Eiffel Tower

Eiffel Tower Series

The artist Dr. Chen made his painting by integrating some icons of Taiwanese aborigines with images from photos of aborigines Japanese anthropologists in 1930s to describe one aspect of self-satisfied everyday life of a tribal aborigines in Taiwan. The far-above horizon is the Central Mountain Range with Jade Mount as the pivotal top. The exuberant green valleys underneath are frequently covered by the mist and clouds. The aborigines live harmoniously with the nature, their huts are built of bamboo and thatch. They embrace their traditions. One is morning pray in ritual and expressive dancing and singing, to the Heaven and Earth with universal souls, under eye-sights of relatives in the tribe. They live deep inside the mountain, work and rest according to the Sun and the Moon, presenting a particular aspect of culture in Taiwan.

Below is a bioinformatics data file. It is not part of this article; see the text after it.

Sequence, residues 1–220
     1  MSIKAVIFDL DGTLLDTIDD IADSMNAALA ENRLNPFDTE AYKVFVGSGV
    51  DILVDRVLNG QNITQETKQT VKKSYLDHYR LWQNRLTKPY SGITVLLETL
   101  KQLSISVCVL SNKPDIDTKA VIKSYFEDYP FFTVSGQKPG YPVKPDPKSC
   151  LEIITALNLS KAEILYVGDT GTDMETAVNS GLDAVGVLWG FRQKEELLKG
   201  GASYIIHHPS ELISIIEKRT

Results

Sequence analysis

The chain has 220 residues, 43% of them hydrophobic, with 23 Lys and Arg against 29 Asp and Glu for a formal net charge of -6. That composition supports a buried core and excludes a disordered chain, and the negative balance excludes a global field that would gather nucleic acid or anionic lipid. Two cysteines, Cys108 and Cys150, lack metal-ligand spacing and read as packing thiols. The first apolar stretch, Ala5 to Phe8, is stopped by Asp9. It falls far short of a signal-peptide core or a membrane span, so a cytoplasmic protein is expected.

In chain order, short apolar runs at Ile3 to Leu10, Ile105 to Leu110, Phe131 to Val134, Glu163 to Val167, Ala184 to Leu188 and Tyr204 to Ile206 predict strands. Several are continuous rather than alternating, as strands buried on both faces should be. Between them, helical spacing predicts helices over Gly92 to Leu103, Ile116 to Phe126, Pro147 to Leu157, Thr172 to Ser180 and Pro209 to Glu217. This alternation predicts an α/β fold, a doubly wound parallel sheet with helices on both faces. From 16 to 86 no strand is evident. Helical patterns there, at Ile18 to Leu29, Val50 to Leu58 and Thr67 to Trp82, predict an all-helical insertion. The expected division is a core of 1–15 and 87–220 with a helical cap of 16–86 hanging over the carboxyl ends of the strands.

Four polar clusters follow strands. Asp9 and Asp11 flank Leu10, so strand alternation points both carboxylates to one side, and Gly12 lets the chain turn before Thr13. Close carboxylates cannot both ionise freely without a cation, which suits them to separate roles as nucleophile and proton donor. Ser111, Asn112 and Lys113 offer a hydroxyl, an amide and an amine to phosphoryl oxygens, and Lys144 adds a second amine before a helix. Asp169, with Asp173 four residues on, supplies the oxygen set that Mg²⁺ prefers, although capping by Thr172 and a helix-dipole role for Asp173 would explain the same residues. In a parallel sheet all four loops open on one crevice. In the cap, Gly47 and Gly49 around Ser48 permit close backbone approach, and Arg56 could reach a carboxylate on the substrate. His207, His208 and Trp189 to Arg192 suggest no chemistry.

In 1963 soon arrived in Paris, he visited the Louvre and the Eiffel Tower, the old and the new of Paris's attraction. After 12 years study in Paris, Chen ventured to the USA and discovered he missed Paris, his second homeland. After "Liberty Series" while Chen was busy in introducing his "Neo-Iconography" back to his homeland Taiwan, he was surprised by the coming of Eiffel Tower's Centennial Celebration. Without hesitation, he set up to paint homage to this Icon of technology and industrial Beauty. Indeed, if deprive Eiffel Tower from Paris, Paris will become New York without the Twin Tower after 911 incident. Intended originally to produce also 100 artworks for Eiffel Tower, T. F. Chen was forced to cut in half, as an another important project quickly followed, that of the (1990) Centennial Celebration of van Gogh's death in 1890 which Chen couldn't ignore. Among the 50 artworks of "Eiffel Tower Series" many are done in pastel which were not presented in this website. Chen regrets of not being able to accomplish the 100 tributes to this Icon of Steel, symbol of Belle-Spoque in new dimension. Maybe Chen will take the challenge again and complete the series in full as promised.

- T. F. Chen